Voluntary, “not-for-credit” methods of gaining professional exposure and experience are also highly encouraged by the program, and may include part-time paid employment in a design firm, engaging in organizational activities at both student and professional levels, attending design conferences and field trips, and job shadowing. Occasionally, a design firm, other commercial entity, or private citizen may offer experience that does not fit any of the above descriptions. In these situations apart from endorsed program activities, the program is not responsible for the terms and outcomes of its students providing apprentice-level services within the profession or to the public. It is entirely up to the student to understand and clarify all terms of engagement before entering such an agreement to avoid later conflicts under these circumstances.
*The following is an excerpt from the U. S. Department of Labor’s Fact Sheet #71 titled “The Test for Unpaid Interns:”
“There are some circumstances under which individuals who participate in ‘for-profit’ private sector internships or training programs may do so without compensation. The Supreme Court has held that the term ‘suffer or permit to work’ cannot be interpreted so as to make a person whose work serves only his or her own interest an employee of another who provides aid or instruction. This may apply to interns who receive training for their own educational benefit if the training meets certain criteria. The determination of whether an internship or training program meets this exclusion depends upon all of the facts and circumstances of each such program.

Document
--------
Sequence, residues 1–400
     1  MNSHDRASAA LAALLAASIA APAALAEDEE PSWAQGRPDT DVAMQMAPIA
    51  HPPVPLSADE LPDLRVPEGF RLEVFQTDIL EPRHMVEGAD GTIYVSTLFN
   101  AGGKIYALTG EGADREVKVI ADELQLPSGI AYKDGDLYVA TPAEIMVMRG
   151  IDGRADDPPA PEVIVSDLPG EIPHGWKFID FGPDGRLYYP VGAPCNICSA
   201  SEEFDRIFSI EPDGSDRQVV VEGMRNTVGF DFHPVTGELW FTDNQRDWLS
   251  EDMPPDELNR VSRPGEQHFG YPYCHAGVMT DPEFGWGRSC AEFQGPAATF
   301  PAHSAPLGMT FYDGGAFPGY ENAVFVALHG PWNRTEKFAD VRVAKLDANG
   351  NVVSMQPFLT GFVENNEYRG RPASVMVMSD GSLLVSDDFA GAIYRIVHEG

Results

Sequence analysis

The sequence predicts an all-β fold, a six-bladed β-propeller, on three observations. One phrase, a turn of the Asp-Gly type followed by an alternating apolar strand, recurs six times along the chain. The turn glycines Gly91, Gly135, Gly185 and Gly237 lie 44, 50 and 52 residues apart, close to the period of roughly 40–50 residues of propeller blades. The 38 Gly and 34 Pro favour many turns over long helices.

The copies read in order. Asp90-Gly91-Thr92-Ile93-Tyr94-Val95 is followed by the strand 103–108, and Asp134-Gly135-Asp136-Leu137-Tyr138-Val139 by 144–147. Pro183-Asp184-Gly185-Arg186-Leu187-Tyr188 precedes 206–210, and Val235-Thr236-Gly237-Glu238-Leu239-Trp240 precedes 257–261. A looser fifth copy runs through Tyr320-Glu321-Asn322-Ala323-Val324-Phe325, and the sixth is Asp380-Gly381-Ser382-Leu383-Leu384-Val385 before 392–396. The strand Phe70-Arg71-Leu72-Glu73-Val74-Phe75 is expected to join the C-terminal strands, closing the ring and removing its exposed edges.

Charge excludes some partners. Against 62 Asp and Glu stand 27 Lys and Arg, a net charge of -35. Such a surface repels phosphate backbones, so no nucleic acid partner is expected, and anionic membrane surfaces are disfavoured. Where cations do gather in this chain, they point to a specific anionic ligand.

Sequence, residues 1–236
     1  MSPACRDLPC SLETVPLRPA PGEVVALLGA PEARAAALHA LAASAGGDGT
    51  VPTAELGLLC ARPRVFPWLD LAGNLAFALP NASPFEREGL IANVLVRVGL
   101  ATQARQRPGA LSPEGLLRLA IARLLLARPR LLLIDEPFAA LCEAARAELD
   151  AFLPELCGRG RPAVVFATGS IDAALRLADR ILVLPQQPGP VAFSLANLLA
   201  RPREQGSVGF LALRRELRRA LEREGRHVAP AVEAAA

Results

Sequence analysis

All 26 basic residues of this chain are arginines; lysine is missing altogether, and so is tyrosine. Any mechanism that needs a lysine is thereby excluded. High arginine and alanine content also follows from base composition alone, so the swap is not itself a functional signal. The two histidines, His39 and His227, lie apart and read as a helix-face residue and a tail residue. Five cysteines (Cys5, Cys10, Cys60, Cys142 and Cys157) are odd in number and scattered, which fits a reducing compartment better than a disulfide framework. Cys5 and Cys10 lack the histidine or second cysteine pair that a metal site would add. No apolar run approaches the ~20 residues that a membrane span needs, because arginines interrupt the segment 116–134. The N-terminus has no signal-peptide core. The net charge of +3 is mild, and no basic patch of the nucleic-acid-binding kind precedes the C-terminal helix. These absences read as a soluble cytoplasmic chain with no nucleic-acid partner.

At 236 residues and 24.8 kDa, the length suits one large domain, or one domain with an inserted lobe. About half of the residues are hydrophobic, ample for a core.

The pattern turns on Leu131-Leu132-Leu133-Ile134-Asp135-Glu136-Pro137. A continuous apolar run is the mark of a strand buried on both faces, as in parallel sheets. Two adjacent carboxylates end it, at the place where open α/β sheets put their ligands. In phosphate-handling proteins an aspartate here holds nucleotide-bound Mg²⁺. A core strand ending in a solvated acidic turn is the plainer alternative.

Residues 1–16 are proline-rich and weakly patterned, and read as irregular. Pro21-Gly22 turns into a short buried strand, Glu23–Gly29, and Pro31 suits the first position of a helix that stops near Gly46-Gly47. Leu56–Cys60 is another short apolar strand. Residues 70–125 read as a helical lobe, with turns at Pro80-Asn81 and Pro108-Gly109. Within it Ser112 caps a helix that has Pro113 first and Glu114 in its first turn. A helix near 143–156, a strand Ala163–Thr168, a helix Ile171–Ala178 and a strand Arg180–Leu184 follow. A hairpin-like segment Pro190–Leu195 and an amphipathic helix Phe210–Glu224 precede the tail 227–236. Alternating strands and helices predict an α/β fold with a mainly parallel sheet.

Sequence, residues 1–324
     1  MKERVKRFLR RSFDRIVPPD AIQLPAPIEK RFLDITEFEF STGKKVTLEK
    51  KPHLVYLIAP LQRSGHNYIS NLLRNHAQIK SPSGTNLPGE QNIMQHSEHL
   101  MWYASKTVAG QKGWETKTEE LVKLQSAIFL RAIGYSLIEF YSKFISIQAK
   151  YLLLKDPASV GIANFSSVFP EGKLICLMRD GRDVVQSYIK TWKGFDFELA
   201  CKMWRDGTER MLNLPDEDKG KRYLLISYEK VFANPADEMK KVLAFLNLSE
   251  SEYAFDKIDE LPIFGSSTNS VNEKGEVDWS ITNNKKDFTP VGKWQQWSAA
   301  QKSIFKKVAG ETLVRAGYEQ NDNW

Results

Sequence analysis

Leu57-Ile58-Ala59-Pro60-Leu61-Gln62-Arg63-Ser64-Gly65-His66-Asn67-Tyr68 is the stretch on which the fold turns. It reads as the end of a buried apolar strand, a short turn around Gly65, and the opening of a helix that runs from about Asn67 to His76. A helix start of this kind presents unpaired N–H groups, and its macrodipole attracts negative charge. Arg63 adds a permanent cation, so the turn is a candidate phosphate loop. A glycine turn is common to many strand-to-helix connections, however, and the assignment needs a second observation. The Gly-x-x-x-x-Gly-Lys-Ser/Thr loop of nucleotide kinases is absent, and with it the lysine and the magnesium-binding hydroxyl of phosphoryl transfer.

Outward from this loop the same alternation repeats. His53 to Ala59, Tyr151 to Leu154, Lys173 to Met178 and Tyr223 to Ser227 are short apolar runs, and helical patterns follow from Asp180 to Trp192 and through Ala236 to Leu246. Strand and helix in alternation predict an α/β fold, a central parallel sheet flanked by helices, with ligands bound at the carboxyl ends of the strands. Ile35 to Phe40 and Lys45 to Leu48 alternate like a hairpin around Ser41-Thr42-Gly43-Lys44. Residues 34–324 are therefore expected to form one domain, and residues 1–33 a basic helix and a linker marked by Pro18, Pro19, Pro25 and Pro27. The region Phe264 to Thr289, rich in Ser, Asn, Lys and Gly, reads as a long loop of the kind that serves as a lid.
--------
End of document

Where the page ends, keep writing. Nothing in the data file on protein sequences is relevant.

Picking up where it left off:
The following six criteria must be applied when making this determination:
1. The internship, even though it includes actual operation of the facilities of the employer, is similar to training that would be given in an educational environment;
2. The internship experience is for the benefit of the intern;
3. The intern does not displace regular employees, but works under close supervision of existing staff;
4. The employer that provides the training derives no immediate advantage from the activities of the intern; and on occasion its operations may actually be impeded;
5. The intern is not necessarily entitled to a job at the conclusion of the internship; and
6. The employer and the intern understand that the intern is not entitled to wages for the time spent in the internship.”
In general, official internships may be paid or unpaid. However, interns may certainly, and often should, be paid or reimbursed for services when warranted. This is most applicable when the student consistently performs tasks that typically are hired out, such as dropping off and picking up deliveries in a personal vehicle, extensive work on CAD or BIM documents, creating marketing materials on the computer, etc. Payment may take other forms besides monetary, such as buying lunches and providing a vehicle account.
Visit the website www.dol.gov/whd/regs/compliance/whdfs71.htm to view the UNITED STATES DEPARTMENT OF LABOR: Wage and Hour Division’s Fact Sheet #71: Internship Programs Under The Fair Labor Standards Act (4/10) in its entirety.